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3 Big Things Today, August 6, 2020

Soybeans, Corn Lower Overnight; Ethanol Production Declines Week-to-Week

1. Soybeans and Corn Decline Overnight on Rain Chances

Soybeans and corn were lower in overnight trading as rain is expected in parts of the Midwest, which could give some areas a much-needed drink.

Storms are expected in central Iowa this morning and afternoon, according to the National Weather Service.

A third of the state is suffering from a moderate or severe drought in which crop losses are likely in some counties, according to the U.S. Drought Monitor. Three months ago, zero percent of the state was seeing drought conditions.

Little or no rain has fallen in much of central Iowa in the past 30 days, data from the NWS show.

The rainfall in Iowa will continue into Friday morning before diminishing, the agency said. Thunderstorms also are possible late Friday into the weekend.

Precipitation in the area is coming at a critical time as 59% of the soybean crop was setting pods at the start of this week while 85% was blooming, according to the U.S. Department of Agriculture.

About 39% of the corn crop was in the dough stage and 92% was silking as of Sunday, the USDA said.

Soybean futures for December delivery fell 2 3/4¢ to $8.76 a bushel overnight on the Chicago Board of Trade. Soymeal added $1 to $289.40 a short ton and soy oil fell 0.04¢ to 31.09¢ a pound.

Corn futures for December delivery lost 1¢ to $3.22 ¼ a bushel.

Wheat futures for September delivery declined 5¢ to $5.05 ¾ a bushel overnight while Kansas City futures fell 4 1/4¢ to $4.22 ¼ a bushel.

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2. Ethanol Production Declines While Stockpiles Increase, EIA Says

Ethanol output fell for only the second time in several months while inventories climbed to the highest level in three weeks.

Production of the biofuel decreased to an average of 931,000 barrels a day in the week that ended on July 31, according to the Energy Information Administration.

That’s down from 958,000 barrels a day, on average, the previous week and only the second decline in more than three months, EIA data show.

In the Midwest, by far the largest producing region, output dropped to an average of 886,000 barrels a day from 909,000 barrels a week earlier.

East Coast production fell to an average of 12,000 barrels a day from 14,000 a week earlier, and Gulf Coast output declined to 15,000 barrels a day from 17,000 barrels, the agency said.

Rocky Mountain output, meanwhile, increased to 10,000 barrels a day from 9,000, and West Coast production rose to 9,000 barrels a day, on average, from 8,000 barrels during the previous week.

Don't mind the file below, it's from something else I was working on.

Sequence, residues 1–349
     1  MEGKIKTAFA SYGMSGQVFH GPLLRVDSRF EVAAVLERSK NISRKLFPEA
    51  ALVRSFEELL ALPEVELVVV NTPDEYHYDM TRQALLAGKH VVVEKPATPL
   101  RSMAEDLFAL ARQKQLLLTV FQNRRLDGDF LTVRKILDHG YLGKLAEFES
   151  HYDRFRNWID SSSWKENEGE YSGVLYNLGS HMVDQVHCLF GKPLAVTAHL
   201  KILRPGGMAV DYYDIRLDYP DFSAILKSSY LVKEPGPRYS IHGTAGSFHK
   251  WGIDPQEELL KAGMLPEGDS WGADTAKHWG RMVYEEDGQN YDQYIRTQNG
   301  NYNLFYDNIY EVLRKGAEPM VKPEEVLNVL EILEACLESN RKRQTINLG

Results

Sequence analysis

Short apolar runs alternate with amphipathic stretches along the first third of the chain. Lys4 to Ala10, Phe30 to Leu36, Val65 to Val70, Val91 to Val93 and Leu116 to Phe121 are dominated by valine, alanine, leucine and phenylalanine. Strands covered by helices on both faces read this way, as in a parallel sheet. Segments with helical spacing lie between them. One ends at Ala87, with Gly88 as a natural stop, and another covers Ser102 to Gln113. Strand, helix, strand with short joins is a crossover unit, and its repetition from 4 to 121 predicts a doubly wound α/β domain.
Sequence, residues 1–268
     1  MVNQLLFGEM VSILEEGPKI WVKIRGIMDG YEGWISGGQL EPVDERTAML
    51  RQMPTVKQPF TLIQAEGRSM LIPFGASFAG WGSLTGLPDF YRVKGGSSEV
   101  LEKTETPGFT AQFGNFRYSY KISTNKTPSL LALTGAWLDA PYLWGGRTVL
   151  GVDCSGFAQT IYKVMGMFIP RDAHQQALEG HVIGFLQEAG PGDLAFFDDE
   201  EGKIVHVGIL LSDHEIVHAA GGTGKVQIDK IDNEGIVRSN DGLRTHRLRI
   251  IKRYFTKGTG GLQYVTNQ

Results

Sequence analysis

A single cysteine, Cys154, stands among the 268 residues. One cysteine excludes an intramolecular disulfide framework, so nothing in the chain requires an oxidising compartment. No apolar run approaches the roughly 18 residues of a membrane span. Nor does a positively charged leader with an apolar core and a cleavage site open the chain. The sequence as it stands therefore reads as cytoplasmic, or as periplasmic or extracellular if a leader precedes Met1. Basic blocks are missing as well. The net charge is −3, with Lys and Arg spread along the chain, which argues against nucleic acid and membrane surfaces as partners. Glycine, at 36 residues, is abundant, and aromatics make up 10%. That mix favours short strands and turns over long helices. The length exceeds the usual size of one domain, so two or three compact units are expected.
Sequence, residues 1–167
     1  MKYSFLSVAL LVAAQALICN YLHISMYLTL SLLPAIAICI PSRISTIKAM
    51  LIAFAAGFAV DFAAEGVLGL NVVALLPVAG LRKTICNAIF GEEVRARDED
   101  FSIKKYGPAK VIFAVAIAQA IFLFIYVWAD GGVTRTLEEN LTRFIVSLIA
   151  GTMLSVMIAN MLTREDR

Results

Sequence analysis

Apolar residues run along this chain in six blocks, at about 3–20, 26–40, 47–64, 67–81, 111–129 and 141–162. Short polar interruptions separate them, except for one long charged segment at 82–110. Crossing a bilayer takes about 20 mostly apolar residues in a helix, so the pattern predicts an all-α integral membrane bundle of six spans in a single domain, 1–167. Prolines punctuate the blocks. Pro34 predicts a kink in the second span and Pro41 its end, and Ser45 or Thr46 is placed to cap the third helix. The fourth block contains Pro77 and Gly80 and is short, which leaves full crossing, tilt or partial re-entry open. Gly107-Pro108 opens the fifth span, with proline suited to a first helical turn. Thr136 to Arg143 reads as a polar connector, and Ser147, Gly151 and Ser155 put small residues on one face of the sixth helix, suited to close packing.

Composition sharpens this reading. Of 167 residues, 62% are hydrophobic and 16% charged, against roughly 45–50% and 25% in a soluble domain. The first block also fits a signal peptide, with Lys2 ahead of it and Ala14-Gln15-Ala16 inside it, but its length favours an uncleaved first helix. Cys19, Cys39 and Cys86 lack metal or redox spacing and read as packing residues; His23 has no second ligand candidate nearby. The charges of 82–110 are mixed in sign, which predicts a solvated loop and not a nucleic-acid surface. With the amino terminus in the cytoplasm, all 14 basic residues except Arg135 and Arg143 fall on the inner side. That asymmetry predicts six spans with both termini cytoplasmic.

Stockpiles increased week-to-week to 20.346 million barrels on July 31.

That’s up from 20.272 million barrels the previous week and the highest level since the seven days that ended on July 10, according to the EIA.

In other ethanol news, the U.S. Department of Energy said some oil refiners should be granted partial relief from the biofuel mandate, Reuters reported, citing two people familiar with the matter.

The Energy Department has recommended to the Environmental Protection Agency, which has the ultimate say in whether the waivers will be granted, that “a number” of the 58 pending requests for waivers, which cover the years 2011 through 2018, be at least partially granted, the Reuters report said.  


3. Central Nebraska and Parts of Kansas Likely to See Rain Into the Weekend

Parts of central Nebraska and central Kansas could get some rain starting today, which may continue into the weekend, according to the National Weather Service.

There’s a chance for precipitation starting this evening in the area that will last overnight before tapering off, but starting again Saturday night, the NWS said in a report early this morning. Thunderstorms are forecast for the region early next week as well.

It’s going to be extremely hot, however, as heat indexes are expected to reach 105 degrees Fahrenheit on Saturday afternoon, mostly east of Highway 281. The surrounding areas likely will see indexes around 100 degrees, the agency said.

Further south in southern Kansas and northern Oklahoma, storms that could turn severe are expected to roll through the area.

“A few storms will be possible this morning for areas generally along and west of Interstate 135,” the NWS said. “The stronger storms will be capable of small hail and 40 to 50 mile-an-hour winds.”

The storms likely will continue east of I-135, leaving southeastern Kansas as the most likely location for severe weather, the agency said.

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